In dollar terms, China represents only 16% of imports to the U.S. for all wind power parts, nowhere near the 80% Rodgers claimed.


However, wind turbines rely on powerful magnets, and those magnets need compounds that tend to come from China. 

China dominates supply of rare earth minerals, but U.S. is stocking up

Rodgers specifically highlighted rare earth minerals and their tie to renewables. The connection is strongest for wind power and electric vehicles. The magnets in wind turbines and electric car motors require neodymium and dysprosium, two of the 17 rare earth minerals.

She also mentioned batteries, which are essential to storing power from wind and solar, and for running electric cars and trucks. Batteries rely on cobalt and lithium, which are not on the list of rare earth elements. The Democratic Republic of the Congo dominates the cobalt supply. Australia and Chile produce most of the world’s lithium.

China dominates the production of rare earth minerals on a commercial scale. Between 2016 and 2019, China supplied 80% of the U.S. demand for these materials. China also accounts for about 80% of global production.


The main caveat is that supply chains aren’t locked in for all time. While these minerals are called "rare earth," they are not rare. Neodymium, for example, is about as common as zinc or lead. The problem is they generally aren’t concentrated enough to make commercial extraction worthwhile. 

In testimony March 22 before the House Energy and Commerce Committee, former Obama administration Energy Secretary Ernest Moniz said "there’s no doubt, as a sane energy security issue, we need to work to diversify these sources of minerals and their processing." 

That effort is underway. In 2019, the Trump administration triggered the Defense Production Act, and the Pentagon signed contracts with domestic suppliers. The U.S. government now has a stockpile of 600 tons of neodymium. Building more robust supply chains even rated an executive order from President Joe Biden.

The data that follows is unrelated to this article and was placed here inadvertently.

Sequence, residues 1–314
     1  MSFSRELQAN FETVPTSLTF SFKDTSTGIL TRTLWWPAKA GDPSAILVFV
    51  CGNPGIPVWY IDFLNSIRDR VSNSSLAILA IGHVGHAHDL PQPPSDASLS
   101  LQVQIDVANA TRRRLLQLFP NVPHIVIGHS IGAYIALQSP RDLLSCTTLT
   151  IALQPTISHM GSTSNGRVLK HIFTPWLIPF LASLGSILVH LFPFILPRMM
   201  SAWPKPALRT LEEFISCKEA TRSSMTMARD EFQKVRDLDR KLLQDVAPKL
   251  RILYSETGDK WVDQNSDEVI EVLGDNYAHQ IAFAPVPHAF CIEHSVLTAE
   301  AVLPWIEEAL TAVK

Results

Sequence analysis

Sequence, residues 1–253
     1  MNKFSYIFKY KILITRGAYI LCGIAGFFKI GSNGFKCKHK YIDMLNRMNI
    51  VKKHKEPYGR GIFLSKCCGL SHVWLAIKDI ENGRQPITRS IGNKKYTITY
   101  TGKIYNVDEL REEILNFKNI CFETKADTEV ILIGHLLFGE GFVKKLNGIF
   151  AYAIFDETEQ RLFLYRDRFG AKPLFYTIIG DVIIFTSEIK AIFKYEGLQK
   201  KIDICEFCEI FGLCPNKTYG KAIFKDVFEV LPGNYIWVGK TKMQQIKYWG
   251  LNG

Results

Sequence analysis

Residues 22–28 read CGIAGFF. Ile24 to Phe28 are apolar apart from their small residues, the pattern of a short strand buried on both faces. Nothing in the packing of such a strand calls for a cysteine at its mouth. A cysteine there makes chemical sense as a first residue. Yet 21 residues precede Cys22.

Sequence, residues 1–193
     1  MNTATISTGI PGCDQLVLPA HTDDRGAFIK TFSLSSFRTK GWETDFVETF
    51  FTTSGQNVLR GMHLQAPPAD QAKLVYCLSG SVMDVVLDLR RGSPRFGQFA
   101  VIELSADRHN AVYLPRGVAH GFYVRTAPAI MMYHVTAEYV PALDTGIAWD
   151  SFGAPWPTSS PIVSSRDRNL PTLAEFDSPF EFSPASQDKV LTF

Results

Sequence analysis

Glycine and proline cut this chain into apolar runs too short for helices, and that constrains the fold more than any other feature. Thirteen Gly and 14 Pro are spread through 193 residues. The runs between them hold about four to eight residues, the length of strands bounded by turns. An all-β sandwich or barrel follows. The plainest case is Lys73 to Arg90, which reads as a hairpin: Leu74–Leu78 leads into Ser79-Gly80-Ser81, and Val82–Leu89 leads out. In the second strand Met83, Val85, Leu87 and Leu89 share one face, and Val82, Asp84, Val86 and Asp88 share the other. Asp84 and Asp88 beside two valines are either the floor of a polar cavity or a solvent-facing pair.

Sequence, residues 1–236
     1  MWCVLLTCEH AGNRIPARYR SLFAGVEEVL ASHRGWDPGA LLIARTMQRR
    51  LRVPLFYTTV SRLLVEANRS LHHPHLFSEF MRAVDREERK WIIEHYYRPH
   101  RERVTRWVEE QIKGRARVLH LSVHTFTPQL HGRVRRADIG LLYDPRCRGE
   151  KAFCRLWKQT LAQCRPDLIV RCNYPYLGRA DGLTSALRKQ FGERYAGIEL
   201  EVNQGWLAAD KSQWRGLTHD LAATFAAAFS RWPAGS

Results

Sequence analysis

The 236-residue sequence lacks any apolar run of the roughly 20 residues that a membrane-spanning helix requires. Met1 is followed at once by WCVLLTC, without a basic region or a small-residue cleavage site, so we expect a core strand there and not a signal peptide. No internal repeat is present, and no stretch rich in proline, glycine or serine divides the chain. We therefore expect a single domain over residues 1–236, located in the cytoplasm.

With an eye toward finding chemical substitutes, the government’s Advanced Research Projects Agency is backing research to make magnets that are rare-earth-free. 

However this pans out, part of current clean-energy policy focuses on weaning the U.S. off its dependence on China.

Our ruling

Rodgers said that the Democratic clean energy plan is pro-China, because "90% of the solar panels, 80% of the wind machines, 90% of the rare earth minerals … are in Asia or in China."

China produces over 90% of silicon wafers, a key building block in solar panels. China produces 80% of the rare earth minerals used in the U.S. for magnets used in electrical vehicles and wind turbines, though its role in wind power overall is far less dominant.

But Rodgers' conclusion that the Democrats’ legislation amounts to a pro-China agenda omits key context about the overall direction of U.S. government policy. For some time and continuing today, the U.S. has been working to diversify its supply base and shrink its reliance on Chinese materials.

We rate this claim Half True.

Our Sources

U.S. House Energy and Commerce Committee, Clean Future Act hearing, March 18, 2021

Center for Strategic and International Studies, Industrial Policy, Trade, and Clean Energy Supply Chains, February 2021

Solar Power World, Global Solar Panel Manufacturing Locations, accessed March 24, 2021 

Institute for Energy Research, China’s New Export Control Law, Dec. 8, 2020

U.S. Energy Information Administration, Annual Solar Photovoltaic Module Shipments Report, July 31, 2020

Berkeley National Laboratory, Wind Technologies Market Report, August 2020

Earthworks, Responsible minerals sourcing for renewable energy, 2019

U.S. Geological Survey, Mineral Commodity Summaries, 2021

White House, Executive Order on America’s Supply Chains, Feb. 24, 2021

Brookings, The global energy trade’s new center of gravity, Sept. 14, 2020

Renewable and sustainable energy reviews, Renewable energy and geopolitics: A review, April 2020

PV Magazine, Are rare earths used in solar panels?, Nov. 28, 2019

Solarblogger, Thin Film Solar PV vs Silicon Wafer - Which is Better?, Oct. 4, 2016

U.S. Department of Energy, Solar Photovoltaic Cell Basics, accessed March 25 2021, Rare Earth Elements and their Uses, accessed March 22, 2021

International Energy Agency, Trends in photovoltaic applications, 2020

Information Technology and Innovation Foundation, The Impact of China’s Production Surge on Innovation in the Global Solar Photovoltaics Industry, Oct. 5, 2020

Advanced Research Projects Agency-Energy, Turning Ideas Into Reality - Projects in Progress II, Feb. 28, 2020

Interview, David Sandalow, inaugural fellow, Columbia University Center on Global Energy Policy, March 23, 2021